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What is Tourism Resilience According to WTTC?

Enhancing Resilience

Puerto Rico sets the scene in a brand new released WTTC study entitled Enhancing Resilience to drive sustainability in a destination.

Puerto Rico sets the scene in a brand new released WTTC study entitled.

“Enhancing Resilience to drive sustainability in a destination”

Although the academic literature around resilience in a tourism or destination context remains in its infancy, the concept is comparable to what makes a person resilient.

When a child is considered ‘resilient’, it typically means that they have a strong capacity for withstanding adventure, crises, or traumas and to grow stronger through adaption, learning, and dealing with risk in their stride.

The phrase “What doesn’t kill you makes you stronger” is also relevant, as it introduces the temporal aspect that starts to tie the concept of resilience in the face of one-off or repeated shocks, to the idea of progress over time, and thus to the longer-term
concept of sustainability.

The focus is neither the academic definition of resilience or
sustainability in destinations, nor the theoretical frameworks for building resilience, but rather the practical actions on the ground. It describes specific things destinations can do, and are already doing, to learn from recent and ongoing stress and shock events, to prepare for the next catastrophic event, and ensure the
long-term sustainability of their evolving tourism activities.
The COVID-19 pandemic is without question one of the most significant global shocks to Travel & Tourism since the World Wars of the twentieth century.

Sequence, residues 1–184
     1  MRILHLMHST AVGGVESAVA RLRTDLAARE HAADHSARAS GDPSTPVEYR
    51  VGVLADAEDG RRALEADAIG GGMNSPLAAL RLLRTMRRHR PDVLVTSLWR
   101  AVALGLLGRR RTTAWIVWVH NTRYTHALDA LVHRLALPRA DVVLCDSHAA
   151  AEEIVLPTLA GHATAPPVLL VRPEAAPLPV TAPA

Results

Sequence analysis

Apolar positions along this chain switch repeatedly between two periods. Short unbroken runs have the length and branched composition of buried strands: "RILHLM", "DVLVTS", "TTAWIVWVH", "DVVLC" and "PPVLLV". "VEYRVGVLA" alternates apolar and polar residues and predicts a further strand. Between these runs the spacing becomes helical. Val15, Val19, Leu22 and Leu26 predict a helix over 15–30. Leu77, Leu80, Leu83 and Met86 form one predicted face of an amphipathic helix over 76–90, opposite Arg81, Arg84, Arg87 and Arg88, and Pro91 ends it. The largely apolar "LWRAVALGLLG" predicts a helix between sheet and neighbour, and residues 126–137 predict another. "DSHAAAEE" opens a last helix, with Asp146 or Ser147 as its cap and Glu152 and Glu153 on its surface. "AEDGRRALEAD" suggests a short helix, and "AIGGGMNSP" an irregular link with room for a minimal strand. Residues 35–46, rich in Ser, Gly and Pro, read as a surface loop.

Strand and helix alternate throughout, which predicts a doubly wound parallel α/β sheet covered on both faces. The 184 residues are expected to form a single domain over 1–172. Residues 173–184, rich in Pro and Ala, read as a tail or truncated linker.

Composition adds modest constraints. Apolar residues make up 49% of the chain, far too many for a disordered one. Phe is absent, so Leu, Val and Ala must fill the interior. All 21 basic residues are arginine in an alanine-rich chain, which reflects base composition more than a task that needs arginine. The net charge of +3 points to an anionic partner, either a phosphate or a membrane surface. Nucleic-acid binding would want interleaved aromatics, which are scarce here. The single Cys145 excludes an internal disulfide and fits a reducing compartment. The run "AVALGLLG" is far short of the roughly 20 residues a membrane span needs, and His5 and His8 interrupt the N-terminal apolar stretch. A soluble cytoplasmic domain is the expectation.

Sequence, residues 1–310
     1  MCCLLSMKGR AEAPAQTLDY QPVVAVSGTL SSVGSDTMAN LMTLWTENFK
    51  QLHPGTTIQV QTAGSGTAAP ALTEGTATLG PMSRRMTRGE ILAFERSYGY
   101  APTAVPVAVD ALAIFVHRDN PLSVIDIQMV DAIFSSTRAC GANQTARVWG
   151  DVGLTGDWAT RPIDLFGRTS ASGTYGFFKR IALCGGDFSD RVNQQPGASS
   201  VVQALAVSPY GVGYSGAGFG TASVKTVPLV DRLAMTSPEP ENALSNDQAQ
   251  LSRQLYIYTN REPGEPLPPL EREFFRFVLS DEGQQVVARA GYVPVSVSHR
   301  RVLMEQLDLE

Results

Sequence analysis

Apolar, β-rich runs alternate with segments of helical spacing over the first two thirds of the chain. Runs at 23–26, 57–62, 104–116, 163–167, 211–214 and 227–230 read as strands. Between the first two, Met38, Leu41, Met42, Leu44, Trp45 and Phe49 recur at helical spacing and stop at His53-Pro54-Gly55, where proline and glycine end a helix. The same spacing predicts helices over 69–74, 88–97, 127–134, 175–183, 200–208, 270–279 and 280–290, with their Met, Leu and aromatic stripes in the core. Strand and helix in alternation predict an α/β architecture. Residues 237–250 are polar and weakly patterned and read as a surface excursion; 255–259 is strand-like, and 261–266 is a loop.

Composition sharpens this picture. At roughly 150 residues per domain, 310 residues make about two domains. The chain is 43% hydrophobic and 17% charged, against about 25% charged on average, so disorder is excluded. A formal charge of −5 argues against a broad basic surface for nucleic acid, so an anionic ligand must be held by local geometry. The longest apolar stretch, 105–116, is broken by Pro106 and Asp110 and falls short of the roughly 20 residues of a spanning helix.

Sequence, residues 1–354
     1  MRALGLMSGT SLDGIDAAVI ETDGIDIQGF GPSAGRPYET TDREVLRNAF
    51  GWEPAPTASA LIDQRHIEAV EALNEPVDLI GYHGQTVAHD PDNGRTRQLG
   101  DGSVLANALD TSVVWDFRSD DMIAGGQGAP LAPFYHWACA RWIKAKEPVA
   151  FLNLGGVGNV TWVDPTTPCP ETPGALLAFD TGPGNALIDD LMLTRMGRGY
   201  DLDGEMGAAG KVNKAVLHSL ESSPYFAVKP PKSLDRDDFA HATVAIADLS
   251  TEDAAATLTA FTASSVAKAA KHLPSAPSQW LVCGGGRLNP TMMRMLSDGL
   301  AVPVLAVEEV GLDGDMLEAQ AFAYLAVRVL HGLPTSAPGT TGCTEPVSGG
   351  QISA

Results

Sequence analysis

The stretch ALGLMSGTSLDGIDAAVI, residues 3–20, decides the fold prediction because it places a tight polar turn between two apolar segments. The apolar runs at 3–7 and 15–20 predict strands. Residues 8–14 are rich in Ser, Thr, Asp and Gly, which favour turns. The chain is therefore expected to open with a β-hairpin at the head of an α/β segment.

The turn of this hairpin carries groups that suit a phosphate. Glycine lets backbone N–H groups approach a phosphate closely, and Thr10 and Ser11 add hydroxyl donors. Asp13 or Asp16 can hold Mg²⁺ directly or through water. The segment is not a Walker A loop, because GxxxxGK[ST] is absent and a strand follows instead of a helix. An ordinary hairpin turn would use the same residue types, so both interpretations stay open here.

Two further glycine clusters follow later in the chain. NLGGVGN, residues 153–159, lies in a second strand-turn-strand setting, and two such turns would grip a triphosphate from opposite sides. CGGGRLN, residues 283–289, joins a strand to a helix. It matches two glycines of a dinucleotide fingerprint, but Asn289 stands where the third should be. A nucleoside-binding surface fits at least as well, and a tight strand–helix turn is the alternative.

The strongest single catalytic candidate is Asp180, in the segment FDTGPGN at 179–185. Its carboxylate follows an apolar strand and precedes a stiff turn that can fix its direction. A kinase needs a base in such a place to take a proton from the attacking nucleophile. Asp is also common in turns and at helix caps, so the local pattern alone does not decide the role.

While global GDP declined 3.3% in 2020 relative to the previous year, Travel & Tourism related GDP declined over 50.4% in the same period and is not forecast to return to 2019 levels before 2023. Over 60 million Travel & Tourism jobs were lost, and billions of trips were not taken, and many destinations only began their restart and recovery in early 2022.

But the COVID-19 pandemic is certainly not the first major shock that has rocked destinations, their inhabitants, and their wider stakeholders. Natural disasters, acts of terrorism, and health
scares, among others, have taught valuable lessons and caused destinations to adapt their offerings, their operations, and
their governance models. The rapid variability of climate also continues to be a growing threat for disruption to Travel &

Through a series of in-depth interviews and a review of recent tourism and resilience literature, the following framework
of resilience dimensions for destinations has been compiled.

These dimensions are brought to life with case studies from
the destinations themselves. While every destination and every shock is unique, there are lessons that can be shared and
best practices that can be adapted, in order to help ensure that all destinations can increase their resilience and ensure a smoother path towards sustainable development.

Defining and linking resilience and sustainability

At the heart of both resilience and sustainability is risk or uncertainty. Destinations, policymakers, businesses, and travelers
continuously make decisions based on assessments of hazards and resulting risks.

Sometimes these are relatively well-known and well-understood (for example, the likelihood that the weather will be warm and sunny in Majorca in July) but other times they are not (for example, the chances of a terrorist attack in central London).

While sustainability, broadly speaking, is about ensuring unending prosperity, resilience is the concept of managing those